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Stephen Colbert: making the Sign of the Cross and making a splash

Deacon Greg Kandra - published on 09/09/15


He had me with the Sign of the Cross.

Stephen Colbert made the gesture in the first few moments of his debut on “The Late Show” last night. And that was it. I was willing to forgive him anything.

There was a lot to forgive. The show was sprawling, outrageous and wildly unfocused. But it was also by turns smart (a conversation about Darfur?!), funny (Trump and Oreo cookies?!), and endearing (I loved seeing Colbert’s family in the front row, and the sincere tribute he paid to David Letterman.)

Colbert took command of the show with a lot of energy—too much, I think—but also with an overflowing font of public good will.  The crowd clearly loved him; chants of “Stephen, Stephen, Stephen!” broke out often. The best parts, for me, were the opening and closing segments. Colbert kicked off the show with a Whitmanesque “Star Spangled Banner,” which he sang (impressively, carrying the harmony) with ordinary Americans at a factory, a bowling alley and a ballpark—concluding as the catcher behind home plate whipped off his mask to reveal himself as…Jon Stewart.   (Did anyone else notice in the closing credits that Stewart is one of the show’s Executive Producers?)  And at the end, Colbert also broke into song to join Mavis Staples and a mob of musicians for a celebratory rendition of “Everyday People”—which helped cap the lively broadcast with a tone the New York Times called, fittingly, “populist.” (There was also a nice “Easter egg” coda at the very end, with Colbert and Jimmy Fallon saying goodnight to each other in a mythical late night talk show host locker room.)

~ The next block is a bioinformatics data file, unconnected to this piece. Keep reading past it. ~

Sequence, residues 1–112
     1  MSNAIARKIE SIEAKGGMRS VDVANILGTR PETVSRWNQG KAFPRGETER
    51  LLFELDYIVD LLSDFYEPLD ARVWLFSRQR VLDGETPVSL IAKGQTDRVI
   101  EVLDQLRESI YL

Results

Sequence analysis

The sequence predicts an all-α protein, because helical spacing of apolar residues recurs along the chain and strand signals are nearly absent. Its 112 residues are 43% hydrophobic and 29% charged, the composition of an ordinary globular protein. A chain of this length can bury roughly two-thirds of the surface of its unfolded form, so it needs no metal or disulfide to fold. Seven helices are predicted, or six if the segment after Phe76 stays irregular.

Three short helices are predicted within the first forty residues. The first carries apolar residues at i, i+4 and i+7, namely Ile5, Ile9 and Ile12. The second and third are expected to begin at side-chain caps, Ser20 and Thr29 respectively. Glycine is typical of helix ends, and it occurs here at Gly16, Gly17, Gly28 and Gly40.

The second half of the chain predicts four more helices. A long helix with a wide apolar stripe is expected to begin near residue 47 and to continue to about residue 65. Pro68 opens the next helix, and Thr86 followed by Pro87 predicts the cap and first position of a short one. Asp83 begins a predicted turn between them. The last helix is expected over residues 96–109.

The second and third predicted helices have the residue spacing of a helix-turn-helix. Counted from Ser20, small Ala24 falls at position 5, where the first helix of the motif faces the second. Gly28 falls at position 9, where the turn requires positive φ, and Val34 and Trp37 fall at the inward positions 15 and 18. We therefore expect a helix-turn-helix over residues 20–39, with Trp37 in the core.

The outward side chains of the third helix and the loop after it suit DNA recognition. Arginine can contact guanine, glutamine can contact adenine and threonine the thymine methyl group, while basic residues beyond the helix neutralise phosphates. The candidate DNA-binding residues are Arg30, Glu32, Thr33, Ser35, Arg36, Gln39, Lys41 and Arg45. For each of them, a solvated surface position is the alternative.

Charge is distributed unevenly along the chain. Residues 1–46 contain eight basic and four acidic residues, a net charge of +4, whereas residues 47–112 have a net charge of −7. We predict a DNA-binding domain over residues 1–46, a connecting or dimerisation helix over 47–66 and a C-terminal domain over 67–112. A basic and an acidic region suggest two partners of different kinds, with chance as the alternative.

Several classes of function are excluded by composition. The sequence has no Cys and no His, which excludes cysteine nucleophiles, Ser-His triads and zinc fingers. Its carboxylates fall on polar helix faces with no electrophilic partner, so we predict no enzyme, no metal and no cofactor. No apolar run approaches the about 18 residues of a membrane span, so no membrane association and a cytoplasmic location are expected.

Other parts in between were a jumble of good, bad and indifferent. I think it will take time for Colbert to find the right mojo for this. But there’s a lot to like—especially bits that harkened back to “The Colbert Report,” with some pungent commentary at the desk—and I have no doubt he’ll figure it out. He’s a smart guy.

Meantime, The New York Times marked the debut of the new host by debuting its new television critic, James Poniewozik. I agree with a lot of what he had to say:

 As overstuffed and messy as this new “Late Show” could be, big is a refreshing goal at a time when late-night shows have been redefined as content creators for your phone. It is maybe the biggest slight and highest compliment to say that none of the episode’s best bits seemed especially viral.

The field is more crowded than it used to be, but there’s a window for Mr. Colbert to stand out as a nimble-minded, seriously funny comic whose guests say interesting things rather than do funny things. He and his competitors have rejected the proud tradition of late-night hosts hating one another with the fire of a thousand hells — Mr. Fallon made a cameo, as Mr. Colbert did on “Tonight” — but that doesn’t mean you and I can’t notice differences, and let’s just say I don’t expect to hear the phrase “emotional narrative” on Fallon anytime soon as I did during Mr. Bush’s interview.

The overabundance of the first “Late Show With Stephen Colbert” may be a flaw then, but it’s also the best reason to be excited for the second, and the next hundred. This show may not completely know what it is yet, but it knows exactly who its host is: a smart, curious, playful entertainer who’s delighted to be there.

It’s worth noting that now, for the first time, the three major hosts of late night—Fallon, Kimmel and Colbert—are all Catholic.  Colbert is more apt to wear his faith on his sleeve. He’s also not shy about flaunting it. It will be interesting to see how that pops up, or doesn’t, on his new venue, particularly with the pope about to visit New York. Will Cardinal Dolan drop by? James Martin?

 It’ll be fun to see how this “Late Show” develops in the days ahead. It’s a big sandbox. And Colbert is clearly having a blast playing in it.


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